It may seem an obvious thing to highlight, but for applications relying on social-networking activity to succeed, they inevitably need people. Otherwise it becomes a barren wasteland of inactivity, in which the depressed developers constantly check their ever decreasing user base composed wholly of staff members, while listening to The Fray and comfort eating Mr Kipling’s entire range of baked treats. The Extreme Sports App is one of these sorry souls. Like an abandoned car on the motorway, or a closed theme park it is a desert of missed opportunities. Having said this, it is still only in its infancy and based, at the moment, in the US so if their marketing campaign succeeds, they will undoubtedly be adorned with loyal fans ready to enjoy the plethora of innovative features the application has to offer.
Accompanied with all the bells, whistles and achievements modern niche networking apps feel they have to provide, such as trophies for completing certain goals and location based ‘check ins’, The Extreme Sports App has clearly done its homework. The basic function of the app is the ability to place your extreme sports activity in which you are taking part somewhere in the world, presumably so that others using the same application would be able to locate you, or you can find a place nearby that hosts your particular event. Accompanying this is the obligatory leader board so you can compare your performance with friends and strangers, the publishing links to facebook and twitter, as well as a host of neat little gadgets such as an altimeter (which doesn’t work), a speedometer (which doesn’t work), a g-force monitor and a rotation monitor.
Yet, despite these gimmicks, the overwhelming question that presents itself as you delve into the programme is – why? Why make an app that brings together the networking abilities of extreme sports when, frankly, the larger individual companies can do it better. For example, The Extreme Sports App can only show you which places are close to you. So as a reviewer looking at it in England, I can see none of the 688 centres the app promises me host skiing. Why then would you pay £1.19 for information you could find infinitely cheaper, easier and with more extensive results on Google? Similarly, if you are an extreme sports fan and competitor you are likely to know many other people in the same field. As such, it seems obvious to assume they would organise their meets on more popular and established formats such as Facebook or Twitter.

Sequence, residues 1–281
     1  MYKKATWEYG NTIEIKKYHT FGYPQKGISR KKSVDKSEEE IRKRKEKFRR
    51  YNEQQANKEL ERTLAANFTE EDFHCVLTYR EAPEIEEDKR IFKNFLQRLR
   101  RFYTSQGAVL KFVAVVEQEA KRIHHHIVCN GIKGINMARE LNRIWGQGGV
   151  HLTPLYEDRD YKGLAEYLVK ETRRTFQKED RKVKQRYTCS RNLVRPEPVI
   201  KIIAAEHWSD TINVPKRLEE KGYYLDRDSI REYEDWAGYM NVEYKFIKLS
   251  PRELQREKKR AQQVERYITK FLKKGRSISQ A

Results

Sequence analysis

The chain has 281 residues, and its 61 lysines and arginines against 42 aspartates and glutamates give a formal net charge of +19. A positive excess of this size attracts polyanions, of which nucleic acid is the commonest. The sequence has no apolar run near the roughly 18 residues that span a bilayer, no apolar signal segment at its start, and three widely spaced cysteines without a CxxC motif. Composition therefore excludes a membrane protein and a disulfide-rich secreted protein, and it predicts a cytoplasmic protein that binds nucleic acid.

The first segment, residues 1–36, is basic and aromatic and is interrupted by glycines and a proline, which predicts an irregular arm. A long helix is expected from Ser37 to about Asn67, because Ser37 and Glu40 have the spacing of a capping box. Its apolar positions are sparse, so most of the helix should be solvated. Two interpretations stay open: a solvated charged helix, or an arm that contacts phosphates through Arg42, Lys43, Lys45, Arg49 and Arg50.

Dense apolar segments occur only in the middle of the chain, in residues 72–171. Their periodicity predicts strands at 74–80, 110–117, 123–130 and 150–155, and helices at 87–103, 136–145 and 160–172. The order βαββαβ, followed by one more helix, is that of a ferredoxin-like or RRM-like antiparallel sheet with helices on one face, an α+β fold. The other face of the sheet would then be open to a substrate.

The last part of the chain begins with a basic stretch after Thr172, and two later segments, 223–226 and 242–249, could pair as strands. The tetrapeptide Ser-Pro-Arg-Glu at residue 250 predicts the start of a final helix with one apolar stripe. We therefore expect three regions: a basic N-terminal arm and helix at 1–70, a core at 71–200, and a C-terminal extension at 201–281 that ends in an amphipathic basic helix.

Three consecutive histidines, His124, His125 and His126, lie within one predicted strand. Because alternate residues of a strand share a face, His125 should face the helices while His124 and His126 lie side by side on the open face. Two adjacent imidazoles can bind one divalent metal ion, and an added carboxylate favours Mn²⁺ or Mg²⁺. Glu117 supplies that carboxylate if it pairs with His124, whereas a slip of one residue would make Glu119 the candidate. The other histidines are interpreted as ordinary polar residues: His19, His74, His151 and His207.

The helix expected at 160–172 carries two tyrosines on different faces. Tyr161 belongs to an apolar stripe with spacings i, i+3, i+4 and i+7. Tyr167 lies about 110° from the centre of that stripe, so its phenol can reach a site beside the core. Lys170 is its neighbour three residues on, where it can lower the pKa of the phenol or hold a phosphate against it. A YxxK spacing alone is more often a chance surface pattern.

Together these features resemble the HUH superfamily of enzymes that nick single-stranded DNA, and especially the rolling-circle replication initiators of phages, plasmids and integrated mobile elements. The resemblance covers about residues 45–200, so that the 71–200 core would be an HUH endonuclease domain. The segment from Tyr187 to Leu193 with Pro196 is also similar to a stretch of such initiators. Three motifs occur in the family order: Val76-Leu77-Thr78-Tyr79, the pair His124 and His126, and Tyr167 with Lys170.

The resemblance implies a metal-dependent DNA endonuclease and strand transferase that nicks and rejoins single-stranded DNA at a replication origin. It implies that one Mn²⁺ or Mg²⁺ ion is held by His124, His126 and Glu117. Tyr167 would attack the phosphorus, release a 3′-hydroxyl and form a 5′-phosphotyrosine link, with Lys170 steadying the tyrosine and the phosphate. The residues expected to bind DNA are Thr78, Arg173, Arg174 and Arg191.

Even more problematic is the omittance of a friends section where you can add people you meet at the events it is pointing you to so you can see them again, instead forcing you to do so on Facebook or Twitter. So, instead of a vibrant community of people who enjoy the same activity, it becomes a self indulgent display to strangers of your skill and attendance at a certain extreme sport and where in the world you did so. If you ignore the silly, useless gadgets and fancy jargon this is the shell you’re left with, and it even performs these services badly. Even if the application suddenly gained an influx of followers and places in the UK were added to the map, it still wouldn’t provide enough of a unique selling point to make it the point of reference you check when locating an extreme sports activity, especially with iPhones possessing a perfectly adequate internet browser to search on Google or any other search engine.
Overall The Extreme Sports App is obviously someone’s light bulb brain child, aimed to capitalise at the dramatic increase in social networking popularity. What may have begun as a smart, innovative idea, however, has been poorly executed to the point its main features are utterly redundant in a world where similar information can be gathered more rapidly, more effectively and with richer results elsewhere. The only way this application can be of any use to anyone is if they simply detest using any sort of internet browser or social networking site and have been crying out for a platform in which all of these facets can be rolled into one single app to become the hub for their love of extreme sports. Because this is the case, I think the number of people this may appeal to can be safely relegated to the developer and his team.